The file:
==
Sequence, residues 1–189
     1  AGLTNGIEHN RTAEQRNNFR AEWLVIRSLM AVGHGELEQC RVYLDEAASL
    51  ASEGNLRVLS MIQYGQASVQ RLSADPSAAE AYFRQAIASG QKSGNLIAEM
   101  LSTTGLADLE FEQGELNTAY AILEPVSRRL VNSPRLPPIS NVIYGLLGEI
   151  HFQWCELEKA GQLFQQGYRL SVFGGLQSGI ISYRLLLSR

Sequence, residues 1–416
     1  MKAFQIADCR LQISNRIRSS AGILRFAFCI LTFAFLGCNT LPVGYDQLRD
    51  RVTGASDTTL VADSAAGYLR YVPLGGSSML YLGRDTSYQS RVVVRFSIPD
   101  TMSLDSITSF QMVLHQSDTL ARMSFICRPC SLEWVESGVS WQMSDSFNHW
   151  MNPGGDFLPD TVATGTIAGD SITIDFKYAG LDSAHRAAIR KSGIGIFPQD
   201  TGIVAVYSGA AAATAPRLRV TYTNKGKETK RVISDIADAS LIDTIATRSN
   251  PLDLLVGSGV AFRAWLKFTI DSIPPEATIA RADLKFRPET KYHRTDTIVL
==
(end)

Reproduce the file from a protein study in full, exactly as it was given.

Sequence, residues 1–189
     1  AGLTNGIEHN RTAEQRNNFR AEWLVIRSLM AVGHGELEQC RVYLDEAASL
    51  ASEGNLRVLS MIQYGQASVQ RLSADPSAAE AYFRQAIASG QKSGNLIAEM
   101  LSTTGLADLE FEQGELNTAY AILEPVSRRL VNSPRLPPIS NVIYGLLGEI
   151  HFQWCELEKA GQLFQQGYRL SVFGGLQSGI ISYRLLLSR

Sequence, residues 1–416
     1  MKAFQIADCR LQISNRIRSS AGILRFAFCI LTFAFLGCNT LPVGYDQLRD
    51  RVTGASDTTL VADSAAGYLR YVPLGGSSML YLGRDTSYQS RVVVRFSIPD
   101  TMSLDSITSF QMVLHQSDTL ARMSFICRPC SLEWVESGVS WQMSDSFNHW
   151  MNPGGDFLPD TVATGTIAGD SITIDFKYAG LDSAHRAAIR KSGIGIFPQD
   201  TGIVAVYSGA AAATAPRLRV TYTNKGKETK RVISDIADAS LIDTIATRSN
   251  PLDLLVGSGV AFRAWLKFTI DSIPPEATIA RADLKFRPET KYHRTDTIVL